ortgage Finance Industry
The duties of a notary
l The signer must appear in person before the notary at the time of the notarization. This is necessary in
Taken together, these elements of notarization protect the interests of all parties to a transaction. By providing a layer of trustworthiness to mortgage transactions, notaries provide value to lenders and others. In the current regulatory environment, financial institutions and the thirdparty vendors they hire are required to protect consumers, and they can be hit with steep penalties for any lapses. Because there is so much documentation involved with a single mortgage, it’s all the more important to make sure that it is handled properly. Given the involvement of notaries in the lifecycle of a single mortgage, by performing their duties correctly every time—and keeping a proper record of it—they help ensure the integrity of the loan and any transaction involving it. Many people in the industry, however, don’t fully understand the role of a notary and often expect them to do things that they cannot legally do. It can be a particularly difficult situation if the request is coming from the notary’s supervisor or a regular client. Among other things, Notaries cannot: l Skip any of the elements of the notarization, including personal appearance and proper identification. This undermines the whole purpose of the notarial act. l Backdate the notarial certificate. The notarial certificate verifies that a notarization took place on a particular date. By backdating, the notary commits false certification, a crime in most jurisdictions. l Determine the notarial act. Determining whether an acknowledgment or jurat is needed is a legal decision that is against the law unless the Notary also is a licensed attorney. l Offer advice or explanations about the loan documents. This generally falls outside the Notary’s expertise and could constitute the unauthorized practice of law. continued on page 79
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n National Mortgage Professional Magazine n APRIL 2014
By definition, a “Notary Public” is a stateappointed official who serves as an impartial witness to the signing of important documents. In that role, notaries are considered “ministerial” officials, meaning that they are expected to perform their duties according to the procedures laid down by their state’s laws and regulations without exercising significant personal discretion. Most people think of a notarization as a ubiquitous act, as in, “I need to get this notarized.” But there are different types of notarial acts, and each has a specific purpose. The two most common types are acknowledgments and jurats. In taking a signer’s acknowledgment, a notary verifies the authenticity of the signature on a document. In performing a jurat, a notary verifies that an individual has sworn or affirmed the truth of a particular statement. Both notarial acts are authorized by law in all U.S. jurisdictions. There are essential elements common to each notarial act:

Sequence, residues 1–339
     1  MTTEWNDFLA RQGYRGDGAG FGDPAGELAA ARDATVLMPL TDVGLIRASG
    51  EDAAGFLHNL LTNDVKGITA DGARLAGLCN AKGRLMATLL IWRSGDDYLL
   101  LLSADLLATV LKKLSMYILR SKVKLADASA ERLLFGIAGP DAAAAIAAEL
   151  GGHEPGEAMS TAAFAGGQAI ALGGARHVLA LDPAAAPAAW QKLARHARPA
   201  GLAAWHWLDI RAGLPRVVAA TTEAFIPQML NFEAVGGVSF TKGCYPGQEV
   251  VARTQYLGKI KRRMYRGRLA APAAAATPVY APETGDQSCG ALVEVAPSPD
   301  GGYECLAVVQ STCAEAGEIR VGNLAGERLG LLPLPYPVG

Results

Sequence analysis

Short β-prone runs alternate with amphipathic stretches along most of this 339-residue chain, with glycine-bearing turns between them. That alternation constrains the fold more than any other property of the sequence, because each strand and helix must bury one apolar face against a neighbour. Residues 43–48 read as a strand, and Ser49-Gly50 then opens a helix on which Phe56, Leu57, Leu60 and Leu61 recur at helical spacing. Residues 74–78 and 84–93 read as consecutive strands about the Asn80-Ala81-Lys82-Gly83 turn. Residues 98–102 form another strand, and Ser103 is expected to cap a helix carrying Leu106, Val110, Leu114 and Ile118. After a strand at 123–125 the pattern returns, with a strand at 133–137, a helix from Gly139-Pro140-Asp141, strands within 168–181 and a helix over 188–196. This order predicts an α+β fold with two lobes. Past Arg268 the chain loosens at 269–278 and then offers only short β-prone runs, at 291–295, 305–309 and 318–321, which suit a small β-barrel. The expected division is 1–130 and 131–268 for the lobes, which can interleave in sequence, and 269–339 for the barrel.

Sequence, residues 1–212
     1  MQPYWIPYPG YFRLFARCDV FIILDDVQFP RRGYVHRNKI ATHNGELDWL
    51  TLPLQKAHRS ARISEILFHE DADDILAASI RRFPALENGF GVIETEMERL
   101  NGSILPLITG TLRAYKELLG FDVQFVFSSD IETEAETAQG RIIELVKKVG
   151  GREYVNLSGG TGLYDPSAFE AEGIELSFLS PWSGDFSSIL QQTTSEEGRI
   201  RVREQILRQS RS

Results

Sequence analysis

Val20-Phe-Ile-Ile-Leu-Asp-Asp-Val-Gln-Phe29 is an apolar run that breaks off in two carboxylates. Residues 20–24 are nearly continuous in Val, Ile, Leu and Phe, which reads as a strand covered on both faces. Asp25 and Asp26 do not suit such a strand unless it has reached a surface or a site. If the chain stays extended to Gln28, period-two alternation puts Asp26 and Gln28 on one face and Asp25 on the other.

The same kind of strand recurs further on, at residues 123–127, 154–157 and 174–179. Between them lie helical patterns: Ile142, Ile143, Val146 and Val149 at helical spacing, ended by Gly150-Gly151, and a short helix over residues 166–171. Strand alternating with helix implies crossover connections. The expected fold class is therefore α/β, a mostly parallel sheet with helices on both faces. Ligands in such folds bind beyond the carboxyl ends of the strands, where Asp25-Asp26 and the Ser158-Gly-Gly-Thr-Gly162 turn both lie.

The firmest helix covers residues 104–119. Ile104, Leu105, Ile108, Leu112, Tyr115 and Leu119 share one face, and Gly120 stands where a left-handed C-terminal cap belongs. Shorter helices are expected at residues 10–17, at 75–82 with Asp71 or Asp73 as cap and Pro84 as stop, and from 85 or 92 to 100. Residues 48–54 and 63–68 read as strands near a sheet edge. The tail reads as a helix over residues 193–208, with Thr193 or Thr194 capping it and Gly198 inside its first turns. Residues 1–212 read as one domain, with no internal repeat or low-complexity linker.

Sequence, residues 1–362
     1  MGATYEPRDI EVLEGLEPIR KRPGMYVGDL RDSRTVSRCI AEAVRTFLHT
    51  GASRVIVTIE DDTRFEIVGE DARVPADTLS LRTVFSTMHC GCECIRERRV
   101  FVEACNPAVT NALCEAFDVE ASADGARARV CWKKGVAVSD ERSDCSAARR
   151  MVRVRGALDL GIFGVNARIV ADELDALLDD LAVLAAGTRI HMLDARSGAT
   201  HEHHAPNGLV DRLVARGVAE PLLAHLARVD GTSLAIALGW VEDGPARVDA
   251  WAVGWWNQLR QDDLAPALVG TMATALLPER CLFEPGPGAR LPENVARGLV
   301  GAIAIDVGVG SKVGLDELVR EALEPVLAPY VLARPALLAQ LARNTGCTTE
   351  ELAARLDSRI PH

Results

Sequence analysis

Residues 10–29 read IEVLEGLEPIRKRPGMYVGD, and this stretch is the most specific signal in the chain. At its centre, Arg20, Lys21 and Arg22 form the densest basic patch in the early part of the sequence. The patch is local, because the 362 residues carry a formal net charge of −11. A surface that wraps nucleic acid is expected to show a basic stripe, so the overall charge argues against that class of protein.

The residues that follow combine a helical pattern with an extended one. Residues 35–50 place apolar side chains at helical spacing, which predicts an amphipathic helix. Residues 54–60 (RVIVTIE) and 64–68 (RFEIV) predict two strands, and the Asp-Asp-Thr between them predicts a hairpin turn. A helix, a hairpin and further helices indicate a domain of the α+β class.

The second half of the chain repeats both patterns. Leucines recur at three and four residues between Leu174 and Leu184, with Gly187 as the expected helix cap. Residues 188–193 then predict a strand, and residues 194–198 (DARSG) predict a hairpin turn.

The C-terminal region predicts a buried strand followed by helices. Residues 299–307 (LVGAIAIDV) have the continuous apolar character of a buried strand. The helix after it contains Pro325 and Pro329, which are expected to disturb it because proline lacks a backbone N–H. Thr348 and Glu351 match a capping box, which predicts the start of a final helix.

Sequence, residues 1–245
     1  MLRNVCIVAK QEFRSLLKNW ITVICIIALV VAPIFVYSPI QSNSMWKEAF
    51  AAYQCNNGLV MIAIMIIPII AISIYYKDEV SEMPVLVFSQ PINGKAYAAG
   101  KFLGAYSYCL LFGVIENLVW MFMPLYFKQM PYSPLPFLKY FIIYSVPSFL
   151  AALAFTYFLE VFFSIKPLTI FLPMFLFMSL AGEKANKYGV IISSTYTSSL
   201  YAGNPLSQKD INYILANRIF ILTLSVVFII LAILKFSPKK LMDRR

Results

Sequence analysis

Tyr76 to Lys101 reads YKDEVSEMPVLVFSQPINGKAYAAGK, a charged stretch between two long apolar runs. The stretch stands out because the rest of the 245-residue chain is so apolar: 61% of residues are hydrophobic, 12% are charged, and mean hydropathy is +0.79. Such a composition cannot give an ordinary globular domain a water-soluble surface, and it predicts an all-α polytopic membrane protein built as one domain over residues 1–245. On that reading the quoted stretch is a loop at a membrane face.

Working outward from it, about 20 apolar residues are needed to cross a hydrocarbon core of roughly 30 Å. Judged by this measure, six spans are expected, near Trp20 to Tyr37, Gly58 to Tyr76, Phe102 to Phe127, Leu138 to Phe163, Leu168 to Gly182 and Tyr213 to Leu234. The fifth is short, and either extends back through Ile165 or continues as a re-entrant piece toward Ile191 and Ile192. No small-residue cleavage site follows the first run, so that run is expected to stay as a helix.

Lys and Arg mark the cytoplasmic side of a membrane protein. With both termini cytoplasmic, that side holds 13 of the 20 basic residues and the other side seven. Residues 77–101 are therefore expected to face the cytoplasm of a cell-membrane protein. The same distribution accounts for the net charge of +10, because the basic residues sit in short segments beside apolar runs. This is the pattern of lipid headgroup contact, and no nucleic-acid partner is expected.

order to complete other essential elements. l The notary must positively identify the signer. The whole point of a notarial act is to verify that a specific individual signed a document or asserted the truth of a statement. l The notary must determine the signature is the signer’s free and voluntary act. Certain jurisdictions require the notary to ascertain the awareness or competence of the signer. l The notary should keep a clear and complete record of every notarial act.
attention to the signing ceremony involving notary signing agents and borrowers at the closing table. In part, this has been driven by regulations from the Consumer Financial Protection Bureau and other government agencies. It also is driven by the desire to improve the overall customer service experience. A special committee called the Signing Professionals Workgroup (SPW), comprised of executives from major lenders and title companies, came together in late 2012 to review the role of notaries. With representatives of the National Notary Association serving as advisors, the SPW met throughout much of 2013 to develop best practice standards for the independent Notaries who take on loan signing assignments. In October 2013, the SPW published the Certified Signing Specialist Standards that include a Code of Conduct; a standardized script to use as a guide at loan signings; annual background screenings; an annual exam; and a recommended minimum level of Notary errors and omissions insurance. Notaries who meet the SPW Standards will earn the Certified Signing Specialist designation. Since late 2013, the SPW has been developing procedures for implementing the certification program. The point of the SPW Standards is to provide lenders and title companies with broadly acceptable best practices that can provide a consistent closing experience for all of the parties involved in the mortgage transaction.